"The Germans planned a secret operation to wipe out all the air fields in France, Belgium and Holland. I was stationed at Eindhoven in Holland and we had 12 squadrons there, Typhoons and Spitfires, roughly 150 planes," Gates said.
"We were hit with 73 German fighter planes strafing continually for 23 minutes. It was a beautiful sunny morning — within 15 minutes you could hardly see the sky. All these planes exploded and caught fire." Gates said their planes had just been freshly loaded with 500-pound bombs under each wing.
"Your brain is kind of useless right about then — you're in shock. These things, the fighters were right down about 50 feet off the ground, you could just look the pilot right in the eye, four 20-millimetre cannons blazing at you. It's a strange feeling, those things whistling by your ears."
In the end the operation destroyed 99 planes from Gates' base and 450 Allied aircraft in total. A 1,000-pound bomb blew Gates 25 feet through the air into a field, he recalled — he was lucky he wasn't killed.
After that, 439 Squadron was decimated, so Gates began flying a Spitfire with 416 Squadron.
'No bands welcoming me'
The war really hit Gates hard when he got a letter from his mother informing him his brother Bob had died in a plane crash in Italy.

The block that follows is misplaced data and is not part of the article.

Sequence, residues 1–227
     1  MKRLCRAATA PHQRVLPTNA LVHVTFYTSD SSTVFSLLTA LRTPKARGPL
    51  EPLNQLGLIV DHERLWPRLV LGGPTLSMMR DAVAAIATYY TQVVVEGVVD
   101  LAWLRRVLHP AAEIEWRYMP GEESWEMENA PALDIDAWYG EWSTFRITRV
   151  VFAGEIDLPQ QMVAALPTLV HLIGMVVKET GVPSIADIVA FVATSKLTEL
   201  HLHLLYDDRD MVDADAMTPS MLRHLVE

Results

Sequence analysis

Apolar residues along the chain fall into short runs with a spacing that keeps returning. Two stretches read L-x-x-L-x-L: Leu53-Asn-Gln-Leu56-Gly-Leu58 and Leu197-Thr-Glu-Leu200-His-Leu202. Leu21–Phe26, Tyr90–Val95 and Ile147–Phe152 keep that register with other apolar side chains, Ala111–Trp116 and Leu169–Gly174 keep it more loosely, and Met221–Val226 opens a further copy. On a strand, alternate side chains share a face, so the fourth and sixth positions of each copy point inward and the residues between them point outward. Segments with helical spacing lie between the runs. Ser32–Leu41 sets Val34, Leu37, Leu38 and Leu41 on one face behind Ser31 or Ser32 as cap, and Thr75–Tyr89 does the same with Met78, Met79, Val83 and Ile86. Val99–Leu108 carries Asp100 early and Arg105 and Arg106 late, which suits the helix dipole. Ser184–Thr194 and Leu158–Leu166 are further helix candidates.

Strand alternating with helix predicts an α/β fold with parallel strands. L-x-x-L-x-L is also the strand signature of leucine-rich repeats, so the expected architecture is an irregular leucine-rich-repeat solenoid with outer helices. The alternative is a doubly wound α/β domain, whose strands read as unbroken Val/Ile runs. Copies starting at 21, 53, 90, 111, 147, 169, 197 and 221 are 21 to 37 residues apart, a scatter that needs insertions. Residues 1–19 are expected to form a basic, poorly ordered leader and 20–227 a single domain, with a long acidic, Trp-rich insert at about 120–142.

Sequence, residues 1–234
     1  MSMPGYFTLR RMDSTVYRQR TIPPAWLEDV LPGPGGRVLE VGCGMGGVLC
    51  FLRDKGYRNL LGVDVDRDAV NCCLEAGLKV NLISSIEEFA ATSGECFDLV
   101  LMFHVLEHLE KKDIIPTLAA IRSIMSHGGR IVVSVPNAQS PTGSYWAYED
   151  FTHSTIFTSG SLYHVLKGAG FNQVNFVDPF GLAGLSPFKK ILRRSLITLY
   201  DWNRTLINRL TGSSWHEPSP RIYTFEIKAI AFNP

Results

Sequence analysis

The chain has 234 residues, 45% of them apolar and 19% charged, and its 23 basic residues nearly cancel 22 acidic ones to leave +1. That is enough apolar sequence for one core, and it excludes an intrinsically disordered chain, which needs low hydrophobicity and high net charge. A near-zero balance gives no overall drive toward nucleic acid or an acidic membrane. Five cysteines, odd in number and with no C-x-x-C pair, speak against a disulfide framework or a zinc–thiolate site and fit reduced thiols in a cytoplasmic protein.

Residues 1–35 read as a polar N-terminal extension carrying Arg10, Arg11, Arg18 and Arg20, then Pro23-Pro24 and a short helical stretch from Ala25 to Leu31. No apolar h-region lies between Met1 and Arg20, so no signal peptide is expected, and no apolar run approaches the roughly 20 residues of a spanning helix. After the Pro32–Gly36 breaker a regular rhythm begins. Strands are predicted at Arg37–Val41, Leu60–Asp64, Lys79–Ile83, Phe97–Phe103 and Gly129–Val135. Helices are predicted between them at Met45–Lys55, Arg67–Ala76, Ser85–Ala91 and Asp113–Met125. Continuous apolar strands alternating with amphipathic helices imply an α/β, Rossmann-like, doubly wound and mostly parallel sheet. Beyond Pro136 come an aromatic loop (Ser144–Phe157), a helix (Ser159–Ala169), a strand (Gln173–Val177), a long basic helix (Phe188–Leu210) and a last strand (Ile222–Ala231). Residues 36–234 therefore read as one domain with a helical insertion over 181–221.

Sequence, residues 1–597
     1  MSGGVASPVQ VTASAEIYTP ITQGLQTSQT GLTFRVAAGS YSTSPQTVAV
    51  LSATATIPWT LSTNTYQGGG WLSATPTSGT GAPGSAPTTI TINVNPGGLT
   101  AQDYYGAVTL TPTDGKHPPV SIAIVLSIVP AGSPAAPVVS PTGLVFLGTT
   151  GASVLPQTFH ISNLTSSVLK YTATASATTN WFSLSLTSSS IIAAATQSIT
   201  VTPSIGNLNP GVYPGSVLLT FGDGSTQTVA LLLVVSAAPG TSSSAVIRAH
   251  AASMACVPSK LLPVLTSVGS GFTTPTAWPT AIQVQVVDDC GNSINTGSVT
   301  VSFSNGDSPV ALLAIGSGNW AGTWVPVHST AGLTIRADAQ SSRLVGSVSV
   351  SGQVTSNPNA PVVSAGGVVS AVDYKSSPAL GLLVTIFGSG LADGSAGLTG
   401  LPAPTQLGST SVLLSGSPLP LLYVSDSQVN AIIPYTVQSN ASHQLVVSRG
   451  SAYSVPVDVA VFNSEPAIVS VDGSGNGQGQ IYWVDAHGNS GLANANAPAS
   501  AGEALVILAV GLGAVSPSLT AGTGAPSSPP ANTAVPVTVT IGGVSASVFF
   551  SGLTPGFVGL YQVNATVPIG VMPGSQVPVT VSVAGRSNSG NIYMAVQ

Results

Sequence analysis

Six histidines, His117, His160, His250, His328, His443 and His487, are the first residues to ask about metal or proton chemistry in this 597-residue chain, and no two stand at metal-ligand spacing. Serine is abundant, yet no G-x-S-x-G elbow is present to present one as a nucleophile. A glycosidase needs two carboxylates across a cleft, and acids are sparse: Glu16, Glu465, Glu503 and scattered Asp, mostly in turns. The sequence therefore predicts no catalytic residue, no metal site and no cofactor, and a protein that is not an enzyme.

Coming home after the war wasn't easy for Gates, knowing his big brother didn't make it.
His war didn't end in 1945 — he remained on occupation duty until March 1946.
"I came back on the [ship] Ile de France with the war brides. Got home there was no bands welcoming me, nothing! Cause this was '46, everybody was home then," he said.
He tried to make a reservation to fly back to P.E.I. from Halifax, but an April storm grounded flights. So with $700 in his pocket, he decided to stay at the swankiest hotel in town, The Nova Scotia Hotel.
"I remember walking there with my kit bag and walked into the front desk and he said 'Can I help you?' and I said 'I'm looking for a room.' And I looked pretty scruffy after five or six days on the boat. So he said 'We don't have any room.' I said 'This is a great big hotel, 200 rooms, you've gotta have a room!' He said we don't have room."
Shortly after that, an officer came by looking for a room and was given one immediately.
"I was some mad!" Gates recalled. A service police officer directed him to a boarding house across the street, where he stayed instead.
'You don't forget'
After the war Gates worked all over Canada as an engraver and also 12 years in the reserves in Halifax, training cadets. He married his wife Mary and now lives in Charlottetown.
Gates does not consider himself a hero — just an Island boy doing his duty.
"It was quite an experience, one I'm glad I went through and survived but I'd never want to do it again. And you don't forget it."